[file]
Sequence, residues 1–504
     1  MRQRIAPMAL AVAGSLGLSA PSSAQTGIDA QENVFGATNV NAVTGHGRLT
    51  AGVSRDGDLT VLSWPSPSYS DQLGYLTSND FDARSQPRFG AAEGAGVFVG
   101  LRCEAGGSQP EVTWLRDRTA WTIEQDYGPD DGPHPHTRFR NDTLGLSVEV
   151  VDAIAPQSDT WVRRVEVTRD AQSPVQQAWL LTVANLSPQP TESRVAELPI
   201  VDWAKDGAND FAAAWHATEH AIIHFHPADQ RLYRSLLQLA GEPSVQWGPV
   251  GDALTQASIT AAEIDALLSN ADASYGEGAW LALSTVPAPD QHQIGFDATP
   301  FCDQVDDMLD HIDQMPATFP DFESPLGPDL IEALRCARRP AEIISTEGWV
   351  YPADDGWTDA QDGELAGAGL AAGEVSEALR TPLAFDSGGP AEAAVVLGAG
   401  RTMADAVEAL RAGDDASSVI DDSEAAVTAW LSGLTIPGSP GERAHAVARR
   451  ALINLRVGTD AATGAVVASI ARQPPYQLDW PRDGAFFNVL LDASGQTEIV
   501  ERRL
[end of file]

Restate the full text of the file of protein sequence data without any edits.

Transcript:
Sequence, residues 1–504
     1  MRQRIAPMAL AVAGSLGLSA PSSAQTGIDA QENVFGATNV NAVTGHGRLT
    51  AGVSRDGDLT VLSWPSPSYS DQLGYLTSND FDARSQPRFG AAEGAGVFVG
   101  LRCEAGGSQP EVTWLRDRTA WTIEQDYGPD DGPHPHTRFR NDTLGLSVEV
   151  VDAIAPQSDT WVRRVEVTRD AQSPVQQAWL LTVANLSPQP TESRVAELPI
   201  VDWAKDGAND FAAAWHATEH AIIHFHPADQ RLYRSLLQLA GEPSVQWGPV
   251  GDALTQASIT AAEIDALLSN ADASYGEGAW LALSTVPAPD QHQIGFDATP
   301  FCDQVDDMLD HIDQMPATFP DFESPLGPDL IEALRCARRP AEIISTEGWV
   351  YPADDGWTDA QDGELAGAGL AAGEVSEALR TPLAFDSGGP AEAAVVLGAG
   401  RTMADAVEAL RAGDDASSVI DDSEAAVTAW LSGLTIPGSP GERAHAVARR
   451  ALINLRVGTD AATGAVVASI ARQPPYQLDW PRDGAFFNVL LDASGQTEIV
   501  ERRL